Cracking the code – the return

A cipher wheel designed by Orville Ward Owen. Public domain.

In my previous post on the complexities of music classmarks,  I looked at the classmarks found on the open shelves of Cambridge University Library. Now for a quick look at the closed shelf classmarks. Many of the “backstage” music classmarks are related to those on the open shelves. Items that are now too old to live on open shelves can sometimes be found at a similar classmark but on closed access, for example M310.a.85.1. The important figure to consider here is the “85”, this indicates that the work was published between 1850-1899. The score would have originally been available on the open shelves (hence the classmark) before being moved to closed access and becoming non-borrowable as it aged.

Closely related to this are the MR classmarks (think of these as Music Reserved). Our largest and smallest volumes can be found here, along with items from as far back as the early sixteenth century, and limited edition or fragile items published more recently. Virtually all MRs are bound. Related to MR are the MRA,B, and C classmarks. These contain similar material, although placed within a smaller range of classes, here again the A, B or C of the classmark refers to the size, hence MRA.310.75.8.

A vocal score of La Traviata from the Coates-Lloyd collection (MRS.5.86) including production notes and handbill; photographed by Sarah Chapman.
Copyright Cambridge University Library

One of the most interesting classes is MRS. This contains music and literature presented to the library by specific donors. So within MRS (for example) we have items from Harold Powell Lloyd and Edith  Coates’  library, a wonderful plethora of French and Eastern European music presented by Frederick Booth, and many more. The largest of our donor collections has its own name, “Picken“, presented to the University Library Music Department by the eponymous Laurence Picken.

The unimaginatively named MUS were the original open-shelf volumes when the University Library was at its previous site at the Old Schools. Following the move to the current site in 1934 a new system of classification for open shelf volumes was introduced (the current M-3figs classification). MUS remained on the open shelf as a discrete collection with no additional items being added to it until the increasing age of the collection prompted its move to closed access.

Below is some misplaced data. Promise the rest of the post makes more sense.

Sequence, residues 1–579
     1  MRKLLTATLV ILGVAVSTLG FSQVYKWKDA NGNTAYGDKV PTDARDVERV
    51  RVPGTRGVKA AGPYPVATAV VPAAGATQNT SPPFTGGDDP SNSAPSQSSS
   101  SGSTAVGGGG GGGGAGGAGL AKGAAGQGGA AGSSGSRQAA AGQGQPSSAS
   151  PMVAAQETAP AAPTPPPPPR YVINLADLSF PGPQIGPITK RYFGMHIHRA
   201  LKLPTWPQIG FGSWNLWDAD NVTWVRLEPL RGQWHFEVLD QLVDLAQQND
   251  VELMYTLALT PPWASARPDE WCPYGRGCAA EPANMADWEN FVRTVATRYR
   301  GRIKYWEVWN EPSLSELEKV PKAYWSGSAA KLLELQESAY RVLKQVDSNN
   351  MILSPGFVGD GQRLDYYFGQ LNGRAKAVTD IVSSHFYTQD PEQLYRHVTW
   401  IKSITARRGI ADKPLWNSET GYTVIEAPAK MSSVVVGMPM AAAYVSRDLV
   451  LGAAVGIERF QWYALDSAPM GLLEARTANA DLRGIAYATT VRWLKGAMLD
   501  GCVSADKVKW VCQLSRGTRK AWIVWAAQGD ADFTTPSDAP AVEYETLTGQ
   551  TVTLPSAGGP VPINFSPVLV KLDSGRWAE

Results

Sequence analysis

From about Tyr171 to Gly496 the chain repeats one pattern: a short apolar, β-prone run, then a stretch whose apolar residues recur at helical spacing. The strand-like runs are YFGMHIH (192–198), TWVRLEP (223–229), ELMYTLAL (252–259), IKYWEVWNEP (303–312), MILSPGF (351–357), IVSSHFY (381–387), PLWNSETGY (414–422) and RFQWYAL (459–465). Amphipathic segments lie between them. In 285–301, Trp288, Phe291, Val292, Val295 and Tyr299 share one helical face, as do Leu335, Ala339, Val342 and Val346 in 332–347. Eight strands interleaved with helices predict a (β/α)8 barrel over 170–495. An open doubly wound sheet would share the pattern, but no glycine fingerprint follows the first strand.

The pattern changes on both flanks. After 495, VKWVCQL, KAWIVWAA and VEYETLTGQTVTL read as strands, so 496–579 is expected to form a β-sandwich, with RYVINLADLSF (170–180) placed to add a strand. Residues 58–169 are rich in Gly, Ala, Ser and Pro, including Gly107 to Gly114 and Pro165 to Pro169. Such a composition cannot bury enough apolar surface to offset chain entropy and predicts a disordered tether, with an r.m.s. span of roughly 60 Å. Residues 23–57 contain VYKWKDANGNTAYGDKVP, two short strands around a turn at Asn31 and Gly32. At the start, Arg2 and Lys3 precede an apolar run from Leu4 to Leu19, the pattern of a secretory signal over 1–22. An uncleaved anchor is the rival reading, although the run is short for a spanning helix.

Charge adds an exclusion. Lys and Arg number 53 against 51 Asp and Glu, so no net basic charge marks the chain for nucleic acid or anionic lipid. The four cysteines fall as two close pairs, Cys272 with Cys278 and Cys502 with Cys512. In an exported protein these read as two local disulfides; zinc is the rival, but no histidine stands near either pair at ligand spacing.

The last load of books to be moved from the Old Schools site to the new University Library in 1934.
Copyright Cambridge University Library

The largest section of unborrowable material is housed at A- and B-4 figs (eg A2001.24), this is commonly known as secondary music and literature, with A and B referring to the size of the item. It consists principally of unbound music and literature received under the Copyright Act that was either not considered (at the time of accession) to be “academic” enough for the open shelves (hence secondary), or (in the case of literature) is a paperback copy of a hardback that has already made it to the open shelves. It’s worth remembering if you’re looking for a composer, who has had substantial success as a popular composer – George Gershwin, for instance – that many of their works may be in secondary music.

A selection of Victorian music showing the social preoccupations of the time; photographed by Sarah Chapman.
Copyright Cambridge University Library

Victorian secondary material is often very popular with readers, not so much for the quality of the music, but for the sociological and historical information contained within the often beautifully illustrated covers. Much of our Victorian music has been catalogued online and can be accessed via Newton, secondary music from a later period can only be accessed via the secondary card catalogues in the Anderson Room. All music literature should be on Newton, but if you’re looking for a publication that the online catalogue suggests we don’t have, ask a librarian to do an uncatalogued book search.

The diversity of classmarks for “behind-the-scenes” music can be confusing, but don’t be afraid to ask. We’re happy to help.


About mj263

Music Collections Supervisor at Cambridge University Library. Wide musical interests. Often to be found stuck in a composer's archive, or enthusing about antiquarian music.
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1 Response to Cracking the code – the return

  1. Pingback: Discovering music at MusiCB3 | MusiCB3 Blog

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